Danielle: No—my name is Danielle. I’m normal.
Valerie: Hi Danielle. This seems like a dangerous place for you to be. How did you get in here?
Danielle: I just… go where I want. I wanted to make sure you’re okay.
Valerie: I’m not going to lie, I’m pretty far from okay. Is there anyone helping you?
Danielle: No. It’s just me. I… don’t know what I can do.
Valerie: Can you get rid of the flies?
Danielle: I can try.
Valerie: Thank you. Do you know anyone outside, Danielle? Is there anyone you can contact? I don’t know how much longer I have here.
Danielle: No. I don’t know if I can get outside. I’ve never tried.
Valerie: So there’s… no rescue plan. No one’s coming for me.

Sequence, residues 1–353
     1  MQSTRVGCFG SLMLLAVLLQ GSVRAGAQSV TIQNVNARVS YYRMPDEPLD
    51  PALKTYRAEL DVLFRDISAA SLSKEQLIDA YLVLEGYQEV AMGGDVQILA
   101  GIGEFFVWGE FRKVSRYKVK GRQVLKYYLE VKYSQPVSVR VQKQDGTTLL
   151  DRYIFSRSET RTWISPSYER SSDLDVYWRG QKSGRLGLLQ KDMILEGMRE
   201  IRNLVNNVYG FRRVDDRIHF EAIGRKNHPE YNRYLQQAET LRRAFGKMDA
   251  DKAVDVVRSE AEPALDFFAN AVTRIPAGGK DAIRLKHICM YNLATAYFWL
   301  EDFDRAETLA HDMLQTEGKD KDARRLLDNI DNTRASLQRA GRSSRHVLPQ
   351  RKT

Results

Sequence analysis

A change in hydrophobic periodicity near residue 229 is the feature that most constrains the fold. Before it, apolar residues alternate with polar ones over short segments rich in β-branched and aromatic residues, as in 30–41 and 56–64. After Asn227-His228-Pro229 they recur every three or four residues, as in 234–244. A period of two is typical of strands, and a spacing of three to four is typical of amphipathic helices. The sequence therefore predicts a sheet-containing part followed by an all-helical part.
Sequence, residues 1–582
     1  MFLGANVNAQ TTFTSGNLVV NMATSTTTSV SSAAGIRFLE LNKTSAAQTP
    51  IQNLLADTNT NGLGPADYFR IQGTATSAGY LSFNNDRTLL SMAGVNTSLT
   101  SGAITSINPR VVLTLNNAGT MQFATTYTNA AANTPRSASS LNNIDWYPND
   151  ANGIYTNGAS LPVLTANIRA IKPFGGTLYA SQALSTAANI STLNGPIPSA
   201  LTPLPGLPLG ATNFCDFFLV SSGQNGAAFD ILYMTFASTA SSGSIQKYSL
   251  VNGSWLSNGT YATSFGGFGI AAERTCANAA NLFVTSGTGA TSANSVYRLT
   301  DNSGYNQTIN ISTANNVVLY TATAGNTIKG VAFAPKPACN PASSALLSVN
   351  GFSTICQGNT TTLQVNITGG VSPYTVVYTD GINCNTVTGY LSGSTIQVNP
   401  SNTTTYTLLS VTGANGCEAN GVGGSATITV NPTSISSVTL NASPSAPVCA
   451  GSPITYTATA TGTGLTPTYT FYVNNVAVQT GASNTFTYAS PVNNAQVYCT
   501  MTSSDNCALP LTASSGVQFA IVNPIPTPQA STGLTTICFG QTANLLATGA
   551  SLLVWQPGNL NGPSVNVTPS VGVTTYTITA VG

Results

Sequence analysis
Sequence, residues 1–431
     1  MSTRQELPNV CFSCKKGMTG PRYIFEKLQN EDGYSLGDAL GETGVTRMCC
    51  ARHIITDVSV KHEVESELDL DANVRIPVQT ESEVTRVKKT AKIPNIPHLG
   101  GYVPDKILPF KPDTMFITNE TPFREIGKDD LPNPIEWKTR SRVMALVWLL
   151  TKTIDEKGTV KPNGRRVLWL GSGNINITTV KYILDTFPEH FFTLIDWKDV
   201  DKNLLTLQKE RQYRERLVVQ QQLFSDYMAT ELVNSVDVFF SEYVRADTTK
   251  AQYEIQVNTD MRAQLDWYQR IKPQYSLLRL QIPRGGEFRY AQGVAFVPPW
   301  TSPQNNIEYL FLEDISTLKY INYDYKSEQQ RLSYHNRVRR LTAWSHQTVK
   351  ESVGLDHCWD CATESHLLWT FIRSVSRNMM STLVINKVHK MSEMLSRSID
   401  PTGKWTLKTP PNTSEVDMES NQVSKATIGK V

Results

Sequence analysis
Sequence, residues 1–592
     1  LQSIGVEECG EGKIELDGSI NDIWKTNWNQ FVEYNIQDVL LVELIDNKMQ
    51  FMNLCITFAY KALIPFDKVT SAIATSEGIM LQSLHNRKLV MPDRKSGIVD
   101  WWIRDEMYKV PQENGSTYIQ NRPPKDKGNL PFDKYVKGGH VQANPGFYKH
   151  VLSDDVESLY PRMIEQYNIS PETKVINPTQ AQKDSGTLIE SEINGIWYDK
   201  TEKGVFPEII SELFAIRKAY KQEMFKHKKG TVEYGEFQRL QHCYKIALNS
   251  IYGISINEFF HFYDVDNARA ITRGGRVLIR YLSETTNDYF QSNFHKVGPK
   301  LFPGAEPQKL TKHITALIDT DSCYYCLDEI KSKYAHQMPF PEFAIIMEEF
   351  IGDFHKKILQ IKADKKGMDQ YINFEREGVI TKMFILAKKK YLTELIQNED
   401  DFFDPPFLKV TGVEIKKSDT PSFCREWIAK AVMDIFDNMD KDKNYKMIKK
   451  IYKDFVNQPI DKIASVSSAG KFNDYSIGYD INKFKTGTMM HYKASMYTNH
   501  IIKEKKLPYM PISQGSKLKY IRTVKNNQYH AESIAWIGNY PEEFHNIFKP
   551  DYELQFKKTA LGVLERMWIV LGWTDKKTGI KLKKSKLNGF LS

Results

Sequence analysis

Danielle: I’m sorry.
Valerie: You remind me of my daughter.
Danielle: Yeah? What’s her name?
Danielle: That’s a cool name.
Valerie: I thought so. I’m… not going to see her again.
Danielle: Don’t say that. Maybe you will.
Valerie: I don’t think she knows where I am. I don’t even know where I am.
Danielle: Box Andromeda.
Valerie: Oh... wow. That’s a lot farther away than I thought.
Danielle: I’m sorry there’s not more I can do.
Valerie: You don’t have to do anything. Can you just… stay with me for a little while? It’s nice to hear a friendly voice.
Danielle: Sure. Yeah. I can do that.
I’m losing their voices, dreamers, and Botco stirs like a swarm of insects in Dreaming Box Andromeda. They will not be in silence for long. There is little I can do for them, dreamers, that I am not already. This world is falling apart because of the involvement of my peers. Perhaps it is best to let the story spin on its own. We go now to two examples of this.